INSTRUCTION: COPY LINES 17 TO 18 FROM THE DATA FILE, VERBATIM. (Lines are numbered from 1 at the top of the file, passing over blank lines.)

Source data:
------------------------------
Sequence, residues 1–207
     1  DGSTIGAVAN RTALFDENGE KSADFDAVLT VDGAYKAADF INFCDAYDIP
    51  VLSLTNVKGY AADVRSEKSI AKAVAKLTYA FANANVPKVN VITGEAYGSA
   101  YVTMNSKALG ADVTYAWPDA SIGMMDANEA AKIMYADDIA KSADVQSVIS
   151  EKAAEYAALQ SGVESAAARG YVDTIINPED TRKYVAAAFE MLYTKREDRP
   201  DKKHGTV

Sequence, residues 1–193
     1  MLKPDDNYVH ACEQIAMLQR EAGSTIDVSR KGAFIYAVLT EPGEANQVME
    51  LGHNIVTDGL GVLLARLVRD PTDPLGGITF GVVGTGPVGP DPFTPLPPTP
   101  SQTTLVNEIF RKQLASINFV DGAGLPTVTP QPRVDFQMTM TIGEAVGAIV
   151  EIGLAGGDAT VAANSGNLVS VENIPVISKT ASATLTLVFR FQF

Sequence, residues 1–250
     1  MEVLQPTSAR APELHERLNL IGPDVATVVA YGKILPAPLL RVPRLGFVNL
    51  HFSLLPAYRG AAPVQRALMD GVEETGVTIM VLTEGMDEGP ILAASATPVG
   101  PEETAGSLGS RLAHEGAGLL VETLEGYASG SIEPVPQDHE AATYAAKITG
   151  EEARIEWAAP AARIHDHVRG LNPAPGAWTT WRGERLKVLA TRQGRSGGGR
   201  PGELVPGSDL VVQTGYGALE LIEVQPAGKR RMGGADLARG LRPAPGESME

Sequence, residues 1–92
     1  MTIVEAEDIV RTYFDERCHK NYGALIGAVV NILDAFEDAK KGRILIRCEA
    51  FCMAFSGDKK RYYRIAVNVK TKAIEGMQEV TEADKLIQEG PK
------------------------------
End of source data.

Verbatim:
   201  PGELVPGSDL VVQTGYGALE LIEVQPAGKR RMGGADLARG LRPAPGESME

Sequence, residues 1–92